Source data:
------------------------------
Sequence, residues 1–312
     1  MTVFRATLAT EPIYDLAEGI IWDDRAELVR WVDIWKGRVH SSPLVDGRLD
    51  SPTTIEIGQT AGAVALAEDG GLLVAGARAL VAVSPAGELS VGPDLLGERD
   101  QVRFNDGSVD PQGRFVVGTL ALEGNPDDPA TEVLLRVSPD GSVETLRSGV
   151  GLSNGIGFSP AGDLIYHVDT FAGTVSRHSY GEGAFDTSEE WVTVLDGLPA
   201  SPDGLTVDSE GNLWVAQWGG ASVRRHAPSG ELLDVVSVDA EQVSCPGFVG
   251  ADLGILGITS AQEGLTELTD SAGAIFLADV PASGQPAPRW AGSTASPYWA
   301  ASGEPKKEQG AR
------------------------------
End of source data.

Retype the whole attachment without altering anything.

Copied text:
Sequence, residues 1–312
     1  MTVFRATLAT EPIYDLAEGI IWDDRAELVR WVDIWKGRVH SSPLVDGRLD
    51  SPTTIEIGQT AGAVALAEDG GLLVAGARAL VAVSPAGELS VGPDLLGERD
   101  QVRFNDGSVD PQGRFVVGTL ALEGNPDDPA TEVLLRVSPD GSVETLRSGV
   151  GLSNGIGFSP AGDLIYHVDT FAGTVSRHSY GEGAFDTSEE WVTVLDGLPA
   201  SPDGLTVDSE GNLWVAQWGG ASVRRHAPSG ELLDVVSVDA EQVSCPGFVG
   251  ADLGILGITS AQEGLTELTD SAGAIFLADV PASGQPAPRW AGSTASPYWA
   301  ASGEPKKEQG AR